Technology has made location less important. You can send and receive emails from anywhere, and a host of innovative tools allow teams to easily share and collaborate. So, why force people to work in cubicles five days a week?

Timely, high-quality work is more important than sitting at a desk for eight hours. Flexibility on such matters also helps you provide proper work-life balance.

Making room for remote employees can even expand your search for top talent. If you don’t need a candidate to relocate, why should you? Learn more about the trend of working remotely on HR-Playbook.

3. The blended workforce

Along with an increase in working remotely has come the growth of freelance or contracted employees. It’s part of a shift toward what some call “the gig economy.” A report from Intuit suggests freelancers could make up 40 percent of the workforce by 2020.

When you have onsite and remote employees working with freelancers and other temporary workers, you’re dealing with a blended workforce. The challenge for human resources will be finding ways to help these blended teams communicate effectively while ensuring corporate culture is passed on to those who get less face-time.

As Dan Schawbel of Future Workplace wrote in a contributed opinion piece for Forbes, companies need to develop the ability to “manage without borders.”

4. Increased scrutiny of workplace policies and ethics

There were several corporate scandals that sent shockwaves through the business world in 2017. As a result, many organizations are putting things like sexual harassment policies under the microscope.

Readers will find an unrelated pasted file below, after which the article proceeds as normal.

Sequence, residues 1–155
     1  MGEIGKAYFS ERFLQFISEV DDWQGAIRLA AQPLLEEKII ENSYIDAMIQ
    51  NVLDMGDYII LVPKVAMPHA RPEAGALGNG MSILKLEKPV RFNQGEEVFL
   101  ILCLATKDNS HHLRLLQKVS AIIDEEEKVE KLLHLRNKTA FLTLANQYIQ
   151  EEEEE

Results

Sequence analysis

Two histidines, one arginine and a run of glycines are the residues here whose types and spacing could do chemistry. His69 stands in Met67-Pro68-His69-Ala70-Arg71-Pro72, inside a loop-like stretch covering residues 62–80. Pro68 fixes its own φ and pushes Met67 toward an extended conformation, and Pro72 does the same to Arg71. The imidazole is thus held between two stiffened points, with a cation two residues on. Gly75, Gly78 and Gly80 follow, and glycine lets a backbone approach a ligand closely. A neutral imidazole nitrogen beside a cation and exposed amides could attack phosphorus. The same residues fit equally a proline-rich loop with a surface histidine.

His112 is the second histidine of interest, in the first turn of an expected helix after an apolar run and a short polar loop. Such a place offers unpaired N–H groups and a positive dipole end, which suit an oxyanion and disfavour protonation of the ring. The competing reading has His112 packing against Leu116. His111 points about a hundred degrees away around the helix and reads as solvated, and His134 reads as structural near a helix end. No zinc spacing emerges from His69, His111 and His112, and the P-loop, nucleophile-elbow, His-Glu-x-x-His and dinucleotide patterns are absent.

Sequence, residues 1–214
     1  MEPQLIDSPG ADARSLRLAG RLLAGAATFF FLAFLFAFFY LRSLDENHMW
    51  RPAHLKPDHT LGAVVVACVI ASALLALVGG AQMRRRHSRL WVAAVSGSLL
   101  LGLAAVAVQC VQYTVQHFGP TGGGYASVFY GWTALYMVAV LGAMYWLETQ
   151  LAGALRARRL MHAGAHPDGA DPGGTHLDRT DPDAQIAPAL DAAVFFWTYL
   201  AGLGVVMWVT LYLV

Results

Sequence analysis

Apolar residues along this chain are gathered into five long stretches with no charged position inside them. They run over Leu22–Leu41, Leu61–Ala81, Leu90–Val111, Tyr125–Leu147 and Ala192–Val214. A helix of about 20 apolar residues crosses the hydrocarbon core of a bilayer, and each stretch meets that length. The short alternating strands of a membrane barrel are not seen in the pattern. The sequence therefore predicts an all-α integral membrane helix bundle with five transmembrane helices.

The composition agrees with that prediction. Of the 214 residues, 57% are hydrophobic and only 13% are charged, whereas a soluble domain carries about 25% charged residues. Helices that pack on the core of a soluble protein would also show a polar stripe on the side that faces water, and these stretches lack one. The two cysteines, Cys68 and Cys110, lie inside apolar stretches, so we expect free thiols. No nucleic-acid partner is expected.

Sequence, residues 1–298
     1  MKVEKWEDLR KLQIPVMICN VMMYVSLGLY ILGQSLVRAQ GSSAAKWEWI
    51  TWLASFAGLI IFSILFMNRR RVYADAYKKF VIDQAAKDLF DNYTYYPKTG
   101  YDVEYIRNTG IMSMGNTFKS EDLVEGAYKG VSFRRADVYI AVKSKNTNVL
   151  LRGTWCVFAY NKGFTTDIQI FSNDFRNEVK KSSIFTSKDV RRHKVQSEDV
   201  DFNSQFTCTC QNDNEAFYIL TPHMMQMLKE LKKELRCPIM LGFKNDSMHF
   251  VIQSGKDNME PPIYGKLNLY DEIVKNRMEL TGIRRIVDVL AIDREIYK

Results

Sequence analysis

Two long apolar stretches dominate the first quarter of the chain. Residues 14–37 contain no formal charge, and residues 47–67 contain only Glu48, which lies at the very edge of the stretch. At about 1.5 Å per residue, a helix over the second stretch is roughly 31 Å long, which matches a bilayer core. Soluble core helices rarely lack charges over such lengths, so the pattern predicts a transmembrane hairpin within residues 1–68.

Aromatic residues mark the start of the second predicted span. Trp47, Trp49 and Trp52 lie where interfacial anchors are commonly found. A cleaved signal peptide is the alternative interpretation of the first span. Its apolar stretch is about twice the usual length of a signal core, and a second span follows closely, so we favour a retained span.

There was the controversy at Uber, which led to the CEO’s resignation, and a viral anti-diversity memo from a Google employee as well as harassment scandals involving Harvey Weinstein, Fox News and a news executive at National Public Radio (NPR).

These headlines and others brought a focus on corporate culture and prompted moves to make sure people of every gender, race and belief are being treated fairly and respectfully in the workplace.

HR professionals share a responsibility for creating safe and ethical working environments. Not only do we need to review our policies, we also need to ensure they are being followed by people at every level of the organizational hierarchy.

5. Hiring blind

Do you head straight to a job candidate’s social media profiles after receiving an application? Do you critique appearances following job interviews? What if your own unconscious bias is negatively impacting your search for the most-qualified individuals?

Blind hiring is a process that provides some anonymity in recruitment. It could help reduce bias and discrimination in hiring by eliminating elements that indicate age, gender, ethnicity and even educational background.

Don’t think it’s really a problem? A study from the National Bureau of Economic Research found people with white-sounding names were 50 percent more likely to get an interview than people with black-sounding names and 75 percent more likely than candidates with Asian names. Women with similar résumés to male candidates were 40 percent less likely to get a callback.